Today we need supply chain systems that bend but don’t break. Lean and the associated processes such as level scheduling can work wonders to reduce waste in the material handling value chain; however, the perfect models that work well in our textbooks and simulation software still fall short as unforeseen events in the real world inevitably happen. We need to find ways to add in agility so that multiple small events don’t compound into a bullwhip effect.
To date, much of manufacturers’ communication to suppliers has involved one-way information flows of rigid production forecasts. In a mass production, homogenous, one-piece flow environment with stable suppliers, this can work well, but black swan events offer consistent examples of impacted supply. Micro local, 2021 Texas power outages, and macro global, microprocessor shortages require us to update our forecasts more frequently. Our global supply chains have become more complex where an issue in one corner of the world impacts another.
In addition, our products are more complex, incorporating a wider range of features and associated parts. Customers in automotive are demanding tailored personalization features such as interior trim options that lead to more vehicle configurations. As an example, a part supply shortage for grey leather at a Tier III supplier in Mexico results in a production line stop at a Tier II supplier of door trim in Ohio. Eventually a production line stop occurs at a Tier I door module supplier in Michigan. Our ability to identify potential supply issues earlier is key to creatively solving problems.
Our more complex world and products require two-way, real-time information flows between buyers and suppliers. Extra minutes of reaction time could mean millions in increased gains or losses. Below, we discuss three level scheduling considerations to help you add more agility into your operations and tame the bullwhip effect.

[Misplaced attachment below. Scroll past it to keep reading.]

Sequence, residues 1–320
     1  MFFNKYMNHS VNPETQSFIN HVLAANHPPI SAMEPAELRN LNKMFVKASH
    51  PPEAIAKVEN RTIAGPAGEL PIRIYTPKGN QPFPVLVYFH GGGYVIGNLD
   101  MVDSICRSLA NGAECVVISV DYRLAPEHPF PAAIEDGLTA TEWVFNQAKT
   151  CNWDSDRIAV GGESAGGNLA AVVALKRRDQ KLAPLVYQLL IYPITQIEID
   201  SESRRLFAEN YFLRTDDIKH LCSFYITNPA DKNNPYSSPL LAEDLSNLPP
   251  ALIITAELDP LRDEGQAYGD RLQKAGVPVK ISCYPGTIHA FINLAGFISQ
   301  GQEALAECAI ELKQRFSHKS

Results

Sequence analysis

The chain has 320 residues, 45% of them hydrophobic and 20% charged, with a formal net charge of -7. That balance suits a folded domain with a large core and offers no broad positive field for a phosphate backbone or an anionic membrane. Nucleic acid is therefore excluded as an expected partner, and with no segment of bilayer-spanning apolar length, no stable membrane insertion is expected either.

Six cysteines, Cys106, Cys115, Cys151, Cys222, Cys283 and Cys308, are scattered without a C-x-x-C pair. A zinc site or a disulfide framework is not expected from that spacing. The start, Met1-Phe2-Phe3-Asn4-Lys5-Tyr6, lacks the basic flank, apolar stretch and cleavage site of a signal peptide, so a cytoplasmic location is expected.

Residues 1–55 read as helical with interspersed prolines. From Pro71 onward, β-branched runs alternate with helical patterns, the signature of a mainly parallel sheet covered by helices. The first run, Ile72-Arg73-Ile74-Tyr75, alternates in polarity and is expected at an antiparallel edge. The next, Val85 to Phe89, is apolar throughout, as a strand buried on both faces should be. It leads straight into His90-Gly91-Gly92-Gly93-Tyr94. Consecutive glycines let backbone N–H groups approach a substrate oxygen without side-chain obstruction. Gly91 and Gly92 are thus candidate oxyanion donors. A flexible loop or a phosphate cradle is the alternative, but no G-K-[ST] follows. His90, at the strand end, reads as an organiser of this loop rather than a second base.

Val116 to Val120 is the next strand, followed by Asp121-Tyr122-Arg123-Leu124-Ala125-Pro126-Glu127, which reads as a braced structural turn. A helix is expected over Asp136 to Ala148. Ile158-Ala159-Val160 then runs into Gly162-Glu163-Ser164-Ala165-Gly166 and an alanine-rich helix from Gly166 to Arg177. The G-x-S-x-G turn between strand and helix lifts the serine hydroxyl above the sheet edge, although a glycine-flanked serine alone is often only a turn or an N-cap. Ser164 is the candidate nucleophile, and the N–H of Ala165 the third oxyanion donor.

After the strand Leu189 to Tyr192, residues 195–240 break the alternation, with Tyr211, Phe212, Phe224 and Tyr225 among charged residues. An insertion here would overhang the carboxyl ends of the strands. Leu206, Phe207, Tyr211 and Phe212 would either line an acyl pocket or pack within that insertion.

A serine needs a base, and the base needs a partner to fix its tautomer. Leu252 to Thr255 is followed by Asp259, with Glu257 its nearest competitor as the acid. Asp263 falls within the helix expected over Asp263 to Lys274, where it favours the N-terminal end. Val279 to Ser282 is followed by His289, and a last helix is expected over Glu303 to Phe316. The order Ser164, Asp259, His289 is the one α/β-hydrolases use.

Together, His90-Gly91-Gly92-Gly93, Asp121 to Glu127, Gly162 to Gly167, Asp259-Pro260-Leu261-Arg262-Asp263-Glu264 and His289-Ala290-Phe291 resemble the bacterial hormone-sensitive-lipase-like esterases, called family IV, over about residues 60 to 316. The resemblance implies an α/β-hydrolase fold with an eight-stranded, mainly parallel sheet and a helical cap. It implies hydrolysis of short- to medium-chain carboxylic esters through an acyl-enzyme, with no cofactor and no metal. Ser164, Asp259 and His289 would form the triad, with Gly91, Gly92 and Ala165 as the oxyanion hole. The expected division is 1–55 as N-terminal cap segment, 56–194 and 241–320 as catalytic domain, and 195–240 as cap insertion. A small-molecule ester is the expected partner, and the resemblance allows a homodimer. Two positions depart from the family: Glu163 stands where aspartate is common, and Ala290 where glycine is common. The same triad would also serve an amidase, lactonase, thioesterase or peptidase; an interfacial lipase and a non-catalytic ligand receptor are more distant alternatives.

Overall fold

Determine Current State
Leaders are seeking to digitize manual processes to enhance capabilities with software investments. First, understand your current state information systems and data. Approach bullwhip challenges as you would any other Lean continuous improvement initiative. Start with 5S. In many cases we may think a data input is pulled from one location, when in fact it’s sent via another system. Understanding our master data records is key. Second, there are likely many cases where we have inaccurate data. Thus, enriching our data by gathering, reconciling, and updating our master records will lay a better digital foundation for eventual level-scheduling success.
Configure & Connect
Manufacturers of complex products, such as automotive Tier I suppliers, will have eight key considerations for enabling a level schedule:
- finished goods production forecast
- parts requirements forecast
- parts requirements forecast by delivery window
- parts inventory
- parts in transit
- parts delivery forecast
- parts inventory
- parts production forecast
The art of eliminating the bullwhip effect is less in the algorithms and more in orchestrating the best overall systems and enabling desired business outcomes. Typically, this is done by effectively paring the best systems, timeframes, and data manipulations that allow for the efficient information and physical flows back and forth between buyers and suppliers.
Empower Your Extended Enterprise
It’s not enough to dictate to suppliers what’s needed and to penalize them for noncompliance. We need to be active partners in our suppliers’ success. Leading manufacturers are striving to be a “buyer of choice” by providing their suppliers with more streamlined ways to interact. The growing expectation is that both buyers and suppliers can make micro-adjustments in real time to production and delivery forecasts.
There’s a growing appreciation that business success is tied more and more to the supply chain ecosystems’ success. This awareness is driving greater two-way connectivity of buyer and supplier systems, requiring a strong need for nimble software tools that can bridge the connectivity gap between different buyer and supplier enterprise resource planning (ERP) systems.
Scheduling Agility Drives Better Business Outcomes
Mutual success is best had when buyers and suppliers are collaborating to share real-time, two-way information. The speed at which supply chain data is converted into actionable information will determine how quickly teams can foster a supply competitive advantage.
The journey of addressing the bullwhip effect starts with understanding your data, and from there, leveling your schedule by enabling visibility to reduce waste within your extended enterprise.
Increasing scheduling agility drives better business outcomes. Once buyers and suppliers are collaborating in real time, a wider range of positive supply optimizations can start snowballing quickly.